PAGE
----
Among the products of amyloid precursor protein (APP) processing, the Aβ peptide claims the lion’s share of attention from researchers, but lately, other metabolites are grabbing the spotlight as potential purveyors of pathology. The APP intracellular domain (AICD), a product of γ-secretase cleavage and a putative transcriptional regulator, was recently implicated in neurodegeneration in mice (see ARF related news story on Ghosal et al., 2009). Now, a study from Ralph Nixon and colleagues at the Nathan Kline Institute, Orangeburg, New York, provides evidence that buildup of a different APP fragment, namely the C-terminal product of β-secretase cleavage (βCTF), causes the defects in endocytosis that are seen early in AD and can lead to neurodegeneration. The work suggests that inhibition of β-secretase may be the key to preventing the endosomal aspects of AD pathology.
“With the field questioning whether Aβ is the full answer to AD, another metabolite of APP is of particular interest, especially given its pathogenic properties of disrupting crucial neuronal functions very early in AD,” Nixon told ARF. The work appeared December 28 in the online edition of PNAS.
The study used fibroblasts from patients with Down syndrome (DS), who carry an extra dose of APP and are subject to early onset AD. Like both AD and DS neurons, the fibroblasts show early endosome dysfunction characterized by increased endocytosis, enlargement of endosomes, and an increase in the number of the largest endosomes (Cataldo et al., 2008). Previous work from the lab of William Mobley at Stanford, in collaboration with Nixon’s lab, had shown that the disruption of endocytosis by APP overexpression in a mouse model of DS leads to neurodegeneration, as neurons are unable to support the retrograde transport of trophic factors necessary for their survival (see ARF related news story on Salehi et al., 2006). In the mouse neurons, the disruption of endocytosis depended on APP, but not necessarily on Aβ production.
In the new work, first author Ying Jiang shows that the endosome defects in DS fibroblasts depend on the overexpression of APP and production of the βCTF. RNAi knockdown of either APP or the β-secretase BACE1 restored both normal endosome function (measured by transferrin uptake) and morphology. Conversely, overexpressing APP or the βCTF in normal human fibroblasts induced endosome pathology. Jiang did not see the effect after transfecting a β-cleavage resistant APP mutant (M596V), establishing that β cleavage, and production of the βCTF, was critical to initiating the APP-induced endosome abnormalities.
To show that Aβ was not required, the researchers treated the fibroblasts with γ-secretase inhibitors, which decreased Aβ production while increasing levels of βCTF. In normal fibroblasts, the inhibitors caused an increase in lysosomal size, and in the DS fibroblasts, they worsened lysosomal pathology.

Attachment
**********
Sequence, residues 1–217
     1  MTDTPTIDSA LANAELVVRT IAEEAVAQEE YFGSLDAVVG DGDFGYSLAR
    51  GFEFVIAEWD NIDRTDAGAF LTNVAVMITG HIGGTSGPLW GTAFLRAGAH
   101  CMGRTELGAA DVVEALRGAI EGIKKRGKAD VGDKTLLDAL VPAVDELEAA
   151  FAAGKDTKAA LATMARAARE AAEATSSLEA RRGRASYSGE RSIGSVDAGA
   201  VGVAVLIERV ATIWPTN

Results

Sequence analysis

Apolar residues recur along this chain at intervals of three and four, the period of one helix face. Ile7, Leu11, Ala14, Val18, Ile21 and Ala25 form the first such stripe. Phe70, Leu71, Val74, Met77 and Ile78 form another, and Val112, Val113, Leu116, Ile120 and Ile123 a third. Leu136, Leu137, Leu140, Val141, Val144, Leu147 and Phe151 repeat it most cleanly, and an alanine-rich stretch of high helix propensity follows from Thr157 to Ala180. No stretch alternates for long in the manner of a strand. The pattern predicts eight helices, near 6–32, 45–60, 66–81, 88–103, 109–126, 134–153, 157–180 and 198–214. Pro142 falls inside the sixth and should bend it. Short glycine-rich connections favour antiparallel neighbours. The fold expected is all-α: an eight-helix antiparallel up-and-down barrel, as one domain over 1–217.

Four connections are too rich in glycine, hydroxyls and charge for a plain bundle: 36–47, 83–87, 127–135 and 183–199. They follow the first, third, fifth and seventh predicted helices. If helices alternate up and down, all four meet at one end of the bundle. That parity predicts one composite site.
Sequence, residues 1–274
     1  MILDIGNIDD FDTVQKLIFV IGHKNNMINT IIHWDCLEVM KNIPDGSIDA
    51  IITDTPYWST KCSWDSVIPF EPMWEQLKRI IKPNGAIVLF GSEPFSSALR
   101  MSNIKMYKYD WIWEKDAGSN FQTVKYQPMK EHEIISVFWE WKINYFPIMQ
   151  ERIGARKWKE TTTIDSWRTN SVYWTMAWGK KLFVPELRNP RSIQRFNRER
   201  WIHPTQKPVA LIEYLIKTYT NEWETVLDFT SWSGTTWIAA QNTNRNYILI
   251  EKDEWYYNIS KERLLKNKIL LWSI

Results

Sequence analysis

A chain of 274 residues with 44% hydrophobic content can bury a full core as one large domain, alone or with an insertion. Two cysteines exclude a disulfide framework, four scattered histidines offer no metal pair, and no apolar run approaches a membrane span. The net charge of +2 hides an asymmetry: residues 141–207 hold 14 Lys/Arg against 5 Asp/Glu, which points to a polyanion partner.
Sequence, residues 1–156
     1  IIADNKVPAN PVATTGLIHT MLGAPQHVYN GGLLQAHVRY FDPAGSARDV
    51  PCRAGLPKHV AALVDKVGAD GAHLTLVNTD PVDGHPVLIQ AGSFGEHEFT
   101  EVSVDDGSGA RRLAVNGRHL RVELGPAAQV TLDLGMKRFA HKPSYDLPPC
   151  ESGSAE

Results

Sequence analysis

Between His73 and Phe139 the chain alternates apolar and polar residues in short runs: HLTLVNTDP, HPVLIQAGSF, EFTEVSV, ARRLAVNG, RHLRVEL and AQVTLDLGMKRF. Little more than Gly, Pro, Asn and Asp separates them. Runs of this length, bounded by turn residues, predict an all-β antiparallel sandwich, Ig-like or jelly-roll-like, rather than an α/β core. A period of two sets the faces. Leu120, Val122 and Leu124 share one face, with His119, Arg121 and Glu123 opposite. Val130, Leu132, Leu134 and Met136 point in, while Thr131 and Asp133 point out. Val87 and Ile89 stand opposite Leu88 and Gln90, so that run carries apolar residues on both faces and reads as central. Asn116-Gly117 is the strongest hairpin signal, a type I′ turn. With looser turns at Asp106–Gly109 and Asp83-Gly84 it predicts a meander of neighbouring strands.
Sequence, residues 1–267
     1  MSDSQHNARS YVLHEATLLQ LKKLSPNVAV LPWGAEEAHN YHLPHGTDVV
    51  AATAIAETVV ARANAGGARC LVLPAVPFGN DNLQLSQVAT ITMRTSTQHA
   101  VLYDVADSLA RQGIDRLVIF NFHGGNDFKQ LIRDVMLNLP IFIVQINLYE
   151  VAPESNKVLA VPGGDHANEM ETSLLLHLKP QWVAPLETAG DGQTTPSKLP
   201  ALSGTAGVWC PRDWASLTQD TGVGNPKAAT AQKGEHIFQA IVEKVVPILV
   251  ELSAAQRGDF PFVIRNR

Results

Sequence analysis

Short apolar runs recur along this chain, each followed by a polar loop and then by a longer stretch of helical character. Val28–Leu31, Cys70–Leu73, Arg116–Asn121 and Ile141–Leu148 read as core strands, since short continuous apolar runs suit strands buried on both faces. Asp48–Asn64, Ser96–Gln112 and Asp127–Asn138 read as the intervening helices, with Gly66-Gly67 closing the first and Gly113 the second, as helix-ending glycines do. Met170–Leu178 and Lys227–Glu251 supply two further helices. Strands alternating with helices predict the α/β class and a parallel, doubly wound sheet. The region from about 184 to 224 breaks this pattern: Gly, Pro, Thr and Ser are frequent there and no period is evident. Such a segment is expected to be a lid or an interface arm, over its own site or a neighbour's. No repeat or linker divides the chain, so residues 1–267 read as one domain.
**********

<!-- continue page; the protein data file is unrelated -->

The results suggest that BACE inhibitors may have an advantage over Aβ-targeted therapies, at least where endosome dysfunction is concerned. “I think that the BACE inhibitors are going to cover more bases in having a broader spectrum of effects on potential toxic metabolites of APP. I think our study gives more credibility to that approach for reversing endosome pathology, which we think is very critical to the development of the later pathologies,” Nixon said.
How might βCTF affect endocytosis? In DS neurons, APP and βCTF are both elevated and distributed in early endosomes. “We don’t know very much about what regulates endocytosis, but we strongly suspect that APP is involved,” Nixon said. He cited work from Rachael Neve’s lab showing that APP binds to a protein complex that includes the GTP-binding protein Rab5 (Laifenfeld et al., 2007). Work that Nixon published a year ago with the late Anne Cataldo at McLean Hospital, Belmont, Massachusetts (see Cataldo et al., 2008), showed that Rab5 is markedly upregulated in the DS fibroblasts. “When Anne manipulated Rab5 up or down, she essentially achieved the same circumstances that we achieved by manipulating βCTF,” he said. “Rab5 has become a focal point for us in initiating the downstream effects that lead to endocytosis upregulation and some of the adverse consequences of upregulation. We suspect that the βCTF is also involved as the mediating factor in the APP-endosome interaction that leads to Rab5 activation, or that it is involved in the signaling that is part of the Rab5 mechanism to stimulate endocytosis.”
Neurons appear to be especially dependent on healthy endocytic function, Nixon said, and endosome dysfunction is increasingly related to a range of neurodegenerative diseases. “A lot of genes, not only in AD, but in other neurodegenerative diseases, are starting to hit the endocytic pathway with a frequency that is much greater than expected by chance alone. In ALS, in Charcot-Marie-Tooth, and in some forms of spinal dementia, some genes that cause these conditions are very important functional proteins in either the early endosome or the late endosome. So there is a nexus of neurodegenerative phenomena associated with mutations anywhere along that endocytic pathway, which I think elevates the significance of endosomal dysfunction as a specific pathway to neurodegeneration in a number of diseases,” he said.—Pat McCaffrey